A major issue facing the city, Rush said, is too-aggressive development.
“This city is developing at such a rapid rate, that it seems every available acre is being developed into high density dwellings and warehouses, which are contributing to the increased traffic, reduced air quality, and the increased use and price of water as the demand goes up,” Rush said. “You can only develop as far as the available resources and infrastructure can accommodate.”
Moreover, Rush said, the city’s growth has not been balanced.
“The lack job of opportunities for our residents and graduating students is also a problem,” he said. “They need to commute out of the city to find jobs that pay a wage allowing them to live here. These factors diminish the quality of life here.”
Rush offered a relatively simple formula for redressing the city’s problems. He said city decision-makers could make a major stride toward rational land use policy “by not approving every proposed development that requests a permit, and requiring those that do get approved provide a more environmentally conscious design to help curb the problems I mentioned. By eliminating high density developments and warehouses, you reduce auto and truck traffic. This also improves air quality and water consumption. By providing incentives to high tech, medical and professional businesses to build here, we can attract higher paying jobs for the residents and graduates from Chaffey College. They can then find jobs here and afford to live here.”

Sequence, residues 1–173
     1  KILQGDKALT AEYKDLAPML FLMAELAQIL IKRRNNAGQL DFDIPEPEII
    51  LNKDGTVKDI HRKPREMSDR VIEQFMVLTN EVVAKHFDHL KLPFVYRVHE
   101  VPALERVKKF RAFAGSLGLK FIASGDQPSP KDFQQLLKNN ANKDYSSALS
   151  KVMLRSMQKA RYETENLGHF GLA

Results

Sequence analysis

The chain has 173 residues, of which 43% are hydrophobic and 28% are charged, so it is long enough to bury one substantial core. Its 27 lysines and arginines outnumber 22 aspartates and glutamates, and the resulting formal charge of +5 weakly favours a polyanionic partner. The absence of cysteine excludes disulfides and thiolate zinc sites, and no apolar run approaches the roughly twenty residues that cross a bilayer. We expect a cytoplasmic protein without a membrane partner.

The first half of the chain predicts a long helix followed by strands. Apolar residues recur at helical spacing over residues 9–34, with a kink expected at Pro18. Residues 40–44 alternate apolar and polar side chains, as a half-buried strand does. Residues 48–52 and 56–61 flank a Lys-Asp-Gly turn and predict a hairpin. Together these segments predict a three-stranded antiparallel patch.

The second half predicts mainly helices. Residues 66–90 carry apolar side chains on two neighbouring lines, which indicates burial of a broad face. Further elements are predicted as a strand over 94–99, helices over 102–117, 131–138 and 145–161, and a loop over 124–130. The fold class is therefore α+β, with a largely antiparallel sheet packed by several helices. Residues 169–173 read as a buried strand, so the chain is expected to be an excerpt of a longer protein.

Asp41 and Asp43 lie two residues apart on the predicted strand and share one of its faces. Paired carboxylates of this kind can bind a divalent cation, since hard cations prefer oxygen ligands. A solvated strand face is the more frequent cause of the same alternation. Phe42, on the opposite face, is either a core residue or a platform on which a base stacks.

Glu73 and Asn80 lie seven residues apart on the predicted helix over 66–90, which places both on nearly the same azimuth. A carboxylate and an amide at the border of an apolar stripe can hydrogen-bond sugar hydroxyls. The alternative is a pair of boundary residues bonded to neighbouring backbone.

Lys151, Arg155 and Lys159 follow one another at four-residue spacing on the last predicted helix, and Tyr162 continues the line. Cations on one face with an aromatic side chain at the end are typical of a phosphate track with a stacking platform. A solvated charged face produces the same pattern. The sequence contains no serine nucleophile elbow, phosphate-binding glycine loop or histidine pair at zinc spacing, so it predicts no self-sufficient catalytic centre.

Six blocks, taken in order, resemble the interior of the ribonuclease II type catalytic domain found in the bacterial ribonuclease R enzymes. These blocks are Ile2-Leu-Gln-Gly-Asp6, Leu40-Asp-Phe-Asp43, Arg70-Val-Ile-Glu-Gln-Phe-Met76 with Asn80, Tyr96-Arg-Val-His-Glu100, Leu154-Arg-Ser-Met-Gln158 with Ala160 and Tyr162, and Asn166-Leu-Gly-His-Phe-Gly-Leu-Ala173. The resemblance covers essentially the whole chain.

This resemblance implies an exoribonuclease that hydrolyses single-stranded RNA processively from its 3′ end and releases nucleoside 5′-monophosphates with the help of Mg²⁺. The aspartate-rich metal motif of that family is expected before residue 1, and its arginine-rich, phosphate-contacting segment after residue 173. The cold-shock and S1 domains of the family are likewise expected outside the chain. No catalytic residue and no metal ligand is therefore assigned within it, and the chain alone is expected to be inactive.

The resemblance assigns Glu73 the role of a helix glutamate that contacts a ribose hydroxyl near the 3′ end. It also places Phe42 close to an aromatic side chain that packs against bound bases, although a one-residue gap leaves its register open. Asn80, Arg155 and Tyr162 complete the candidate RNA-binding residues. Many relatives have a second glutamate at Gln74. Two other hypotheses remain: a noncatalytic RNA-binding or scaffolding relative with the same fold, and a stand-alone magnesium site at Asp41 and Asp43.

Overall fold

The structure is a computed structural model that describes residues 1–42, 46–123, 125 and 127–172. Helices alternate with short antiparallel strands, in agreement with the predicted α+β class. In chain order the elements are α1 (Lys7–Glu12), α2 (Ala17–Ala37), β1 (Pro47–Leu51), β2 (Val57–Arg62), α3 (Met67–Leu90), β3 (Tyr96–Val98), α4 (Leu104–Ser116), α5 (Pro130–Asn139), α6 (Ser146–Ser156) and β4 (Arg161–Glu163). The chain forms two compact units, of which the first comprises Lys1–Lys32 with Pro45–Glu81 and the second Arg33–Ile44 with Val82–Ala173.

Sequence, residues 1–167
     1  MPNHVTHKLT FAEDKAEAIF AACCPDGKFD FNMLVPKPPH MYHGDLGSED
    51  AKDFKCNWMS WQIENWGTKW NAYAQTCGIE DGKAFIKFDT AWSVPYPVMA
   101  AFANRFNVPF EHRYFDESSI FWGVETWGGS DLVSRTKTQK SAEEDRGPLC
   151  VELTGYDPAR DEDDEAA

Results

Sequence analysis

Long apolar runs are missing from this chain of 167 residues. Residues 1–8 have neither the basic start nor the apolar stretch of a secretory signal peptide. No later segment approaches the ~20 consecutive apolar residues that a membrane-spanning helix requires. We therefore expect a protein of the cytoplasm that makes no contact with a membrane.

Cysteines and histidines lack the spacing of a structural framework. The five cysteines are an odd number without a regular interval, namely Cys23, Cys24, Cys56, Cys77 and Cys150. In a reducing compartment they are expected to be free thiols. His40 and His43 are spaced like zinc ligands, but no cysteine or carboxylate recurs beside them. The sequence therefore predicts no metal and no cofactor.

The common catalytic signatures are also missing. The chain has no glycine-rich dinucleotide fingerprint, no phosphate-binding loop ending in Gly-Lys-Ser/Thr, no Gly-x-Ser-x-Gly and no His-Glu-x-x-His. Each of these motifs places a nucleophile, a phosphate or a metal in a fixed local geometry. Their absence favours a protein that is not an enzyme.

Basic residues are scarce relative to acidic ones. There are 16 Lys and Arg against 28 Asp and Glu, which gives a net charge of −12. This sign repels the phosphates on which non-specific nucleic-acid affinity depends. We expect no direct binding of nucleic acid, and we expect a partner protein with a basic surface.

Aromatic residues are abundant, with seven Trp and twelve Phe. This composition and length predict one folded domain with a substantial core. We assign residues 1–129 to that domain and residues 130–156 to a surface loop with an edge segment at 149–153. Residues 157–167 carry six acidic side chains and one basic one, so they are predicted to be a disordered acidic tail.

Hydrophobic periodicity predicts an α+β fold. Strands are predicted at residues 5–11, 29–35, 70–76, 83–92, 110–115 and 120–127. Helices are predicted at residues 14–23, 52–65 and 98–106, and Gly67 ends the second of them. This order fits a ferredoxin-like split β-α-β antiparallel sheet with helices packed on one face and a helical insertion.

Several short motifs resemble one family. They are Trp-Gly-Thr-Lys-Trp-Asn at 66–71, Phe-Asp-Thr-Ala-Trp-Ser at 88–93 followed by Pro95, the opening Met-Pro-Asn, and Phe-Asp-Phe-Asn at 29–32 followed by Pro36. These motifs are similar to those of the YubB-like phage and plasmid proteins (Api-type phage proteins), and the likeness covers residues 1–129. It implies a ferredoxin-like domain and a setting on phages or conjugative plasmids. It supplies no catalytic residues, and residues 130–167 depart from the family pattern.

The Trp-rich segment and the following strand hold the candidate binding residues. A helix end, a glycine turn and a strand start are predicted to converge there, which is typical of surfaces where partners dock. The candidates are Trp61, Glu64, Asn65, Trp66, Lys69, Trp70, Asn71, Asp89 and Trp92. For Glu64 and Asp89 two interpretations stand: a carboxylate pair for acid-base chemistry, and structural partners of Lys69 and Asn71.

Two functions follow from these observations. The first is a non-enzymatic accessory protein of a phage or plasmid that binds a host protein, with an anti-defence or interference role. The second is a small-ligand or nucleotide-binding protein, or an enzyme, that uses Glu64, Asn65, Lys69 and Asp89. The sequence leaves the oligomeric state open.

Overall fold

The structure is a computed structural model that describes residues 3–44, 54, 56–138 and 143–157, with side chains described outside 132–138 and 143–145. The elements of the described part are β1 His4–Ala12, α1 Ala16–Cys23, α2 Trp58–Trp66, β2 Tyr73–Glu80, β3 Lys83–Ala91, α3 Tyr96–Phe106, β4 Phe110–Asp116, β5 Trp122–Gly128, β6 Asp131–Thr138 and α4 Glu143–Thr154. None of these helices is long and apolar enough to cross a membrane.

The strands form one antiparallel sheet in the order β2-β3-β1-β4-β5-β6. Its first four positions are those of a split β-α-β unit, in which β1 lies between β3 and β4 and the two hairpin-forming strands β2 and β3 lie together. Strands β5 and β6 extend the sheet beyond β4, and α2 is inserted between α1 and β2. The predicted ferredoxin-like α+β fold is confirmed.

There would be no costs affiliated with the solutions he is advocating, Rush said.
“The city will not have to pay anymore for these changes then the current way we do business,” he said. “The benefits would be an improved quality of life for the residents of Rancho Cucamonga.”
Rush said he possesses experience that would provide him with the foundation upon which to function as an effective council member.
“I’m a former vice president of the Associated Artists of the Inland Empire, and the Rancho Cucamonga Democratic Club,” he said. “I’m also an active member of the Sierra Club.”
Born and raised in Riverside where he attended Ramona High School, Rush served in the Army and first moved to Rancho Cucamonga in 1980, but moved to Highland in 1989 before returning in 2000, making him a 29-year Rancho Cucamonga resident.